“This isn’t final. You’ll get better. The important thing is that you have to work for it. You have to want it, and I know that you do. I know that you want to be –”
Perfect. He wants to be perfect, actually. He wants to be incapable of weakness. A kind of machine that exists only to solve problems. He wants to be essential to the process of solving these problems – something that can never break and in turn can never be replaced. He is still very much afraid of being a burden.
“You’re still a good person, Sherlock. I – we – still care about you. What happened wasn't your fault. All of us understand that. You shouldn't blame yourself.” There is no response. It’s fine. It will have to be. There’s no way to get through to him right now. These things take time. She only wishes that he would sleep.
Alone in her room, she can’t rest either. She hasn’t cried, not yet at least. This situation is far too familiar to bring out any tears. But she has worried very, very much. Her brain refuses to shut off. She’s been tossing and turning for the better part of two hours. It’s time to accept the fact that she won’t be getting any rest tonight. She knows that Sherlock is still awake. She can feel it.
Again, there’s that peculiar kind of distress that she has only ever felt before with Liam. It seems even worse now. It isn’t just because Sherlock is more important to her. It’s also because he’s much more likely to let his guilt slow down his progress. He has a tendency to punish himself for the smallest mistakes. It will be hard for him. But something like this was inevitable, and she has always been prepared for it.
She has been here before and she will likely be here again, but…She just wishes that he would get some rest.
She just wishes that he would sleep.
Joan only halfway thinks of the consequences when she puts on her slippers and pads down the hallway to Sherlock’s room. She knocks before she enters. He doesn’t say anything for a moment, and she thinks that maybe she was wrong or that he doesn’t want to be bothered. That’s when she hears his faint, “Come in.”
She opens the door and crosses over to the bed, pausing before she speaks. “I can’t sleep either.”
He doesn’t respond.
It’s an awkward thing, what she has decided to do. But she feels like it will do them both a great deal of good; they always do better together. He might need physical comfort right now - a tangible reassurance that everything will be alright. What's more, he needs to sleep.
“Can I get in?”
For the first time in three days, he turns to look at her. Not through her, but at her. And he looks so sad and miserable that she feels like jumping in before he can speak. But then he says, with a very clear and quiet voice:
“Yes, thank you.”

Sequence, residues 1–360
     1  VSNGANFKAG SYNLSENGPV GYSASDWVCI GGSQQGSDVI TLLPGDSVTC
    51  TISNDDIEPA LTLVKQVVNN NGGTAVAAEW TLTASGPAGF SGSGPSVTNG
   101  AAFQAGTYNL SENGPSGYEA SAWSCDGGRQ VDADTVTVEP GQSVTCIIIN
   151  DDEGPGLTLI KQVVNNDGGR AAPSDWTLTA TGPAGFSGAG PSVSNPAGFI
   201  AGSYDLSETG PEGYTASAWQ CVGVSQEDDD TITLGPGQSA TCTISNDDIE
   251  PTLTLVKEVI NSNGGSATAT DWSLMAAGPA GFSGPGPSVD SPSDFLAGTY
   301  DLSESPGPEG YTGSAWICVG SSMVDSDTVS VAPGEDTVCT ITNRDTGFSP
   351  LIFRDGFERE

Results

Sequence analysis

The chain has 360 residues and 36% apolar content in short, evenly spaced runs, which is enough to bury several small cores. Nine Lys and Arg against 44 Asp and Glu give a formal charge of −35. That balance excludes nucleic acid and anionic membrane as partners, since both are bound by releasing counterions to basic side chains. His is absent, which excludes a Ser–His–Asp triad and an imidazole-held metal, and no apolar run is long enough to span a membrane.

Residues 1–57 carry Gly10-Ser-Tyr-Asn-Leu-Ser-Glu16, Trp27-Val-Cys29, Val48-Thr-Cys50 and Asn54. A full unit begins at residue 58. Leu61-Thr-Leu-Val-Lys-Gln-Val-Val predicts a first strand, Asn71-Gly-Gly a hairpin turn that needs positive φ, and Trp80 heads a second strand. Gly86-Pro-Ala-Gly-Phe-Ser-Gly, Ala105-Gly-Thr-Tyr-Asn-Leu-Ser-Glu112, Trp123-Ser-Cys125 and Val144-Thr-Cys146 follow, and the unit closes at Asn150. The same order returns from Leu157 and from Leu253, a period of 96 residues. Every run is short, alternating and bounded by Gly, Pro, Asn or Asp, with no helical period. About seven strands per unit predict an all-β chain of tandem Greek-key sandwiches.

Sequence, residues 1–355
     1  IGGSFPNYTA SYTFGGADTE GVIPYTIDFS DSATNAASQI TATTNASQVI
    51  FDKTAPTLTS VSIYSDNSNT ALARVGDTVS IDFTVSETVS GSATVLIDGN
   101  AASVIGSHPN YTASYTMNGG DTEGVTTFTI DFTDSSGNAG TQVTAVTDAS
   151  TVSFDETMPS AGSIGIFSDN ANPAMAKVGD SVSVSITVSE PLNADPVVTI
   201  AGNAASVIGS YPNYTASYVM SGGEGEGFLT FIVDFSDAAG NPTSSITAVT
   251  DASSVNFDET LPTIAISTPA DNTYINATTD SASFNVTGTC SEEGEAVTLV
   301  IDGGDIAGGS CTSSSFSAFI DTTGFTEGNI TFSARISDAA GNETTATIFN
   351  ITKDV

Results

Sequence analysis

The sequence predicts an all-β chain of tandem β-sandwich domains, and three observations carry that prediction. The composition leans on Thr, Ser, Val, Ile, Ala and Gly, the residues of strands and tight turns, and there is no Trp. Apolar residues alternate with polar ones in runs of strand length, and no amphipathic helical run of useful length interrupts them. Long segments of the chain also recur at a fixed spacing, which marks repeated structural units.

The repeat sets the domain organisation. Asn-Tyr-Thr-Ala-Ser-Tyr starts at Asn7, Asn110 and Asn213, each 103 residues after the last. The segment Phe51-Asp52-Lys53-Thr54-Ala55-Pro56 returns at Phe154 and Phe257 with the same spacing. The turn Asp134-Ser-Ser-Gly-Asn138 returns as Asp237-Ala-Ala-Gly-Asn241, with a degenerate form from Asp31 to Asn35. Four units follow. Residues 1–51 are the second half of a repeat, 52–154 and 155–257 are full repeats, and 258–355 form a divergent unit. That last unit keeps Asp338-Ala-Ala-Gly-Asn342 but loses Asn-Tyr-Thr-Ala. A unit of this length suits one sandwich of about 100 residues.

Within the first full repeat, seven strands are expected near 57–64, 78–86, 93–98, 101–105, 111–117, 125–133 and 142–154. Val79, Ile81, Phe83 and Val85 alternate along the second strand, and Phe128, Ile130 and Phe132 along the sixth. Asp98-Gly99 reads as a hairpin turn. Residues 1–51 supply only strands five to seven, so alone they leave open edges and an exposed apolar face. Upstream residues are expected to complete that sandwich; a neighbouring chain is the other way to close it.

She slides in beside him, making sure that they are facing each other. Both of them ease just a bit closer. They don’t reach an arm out; they seem to know better. But Joan bends in and Sherlock does too, and she can feel the warmth of his forehead against hers. He smells the way anyone would after three days without a shower or brushed teeth, but it’s okay. They'll get to it in the morning. “It’ll be fine Sherlock.” He says nothing, but she can hear his slightly elevated breathing tapering off into something calmer. She can feel her own breathing doing the same.
She wakes up in the morning before he does. The first thing she notices is that Sherlock’s arm is curved around her waist. The second thing she notices is that they are closer together than they were the night previous. She tenses up for a minute and slides from underneath his arm, careful not to disturb him.
It’s not that she minds the secure feeling of being this close to someone she cares about. She has become accustomed to Sherlock’s presence and she is comforted by it in a way that she has been with very few people. But there is now a very real possibility that, in his fragile state, he will read too much into this.
She doesn’t want him to get confused or to start making something out of their partnership that isn’t there. It wouldn’t be good for either of them, and she will do almost anything to protect the balance that they have struck together. This remains the most fulfilling relationship that she has ever had. She doesn’t want anything to threaten that.
She'll have to be a bit more careful. When he’s better – and she thinks that he will begin to make progress now – they’ll have to talk about it. It’s her fault, of course, for doing what she did. She’ll be sure to take full responsibility. She’ll also need to remind him of where they stand. Just in case.
It’s a good thing that he isn’t awake yet. This saves them from an incredibly awkward moment.
Joan dips her feet into her slippers and turns toward the door. Behind her, Sherlock gathers enough courage to hazard a peek.
He's just in time to see her leave.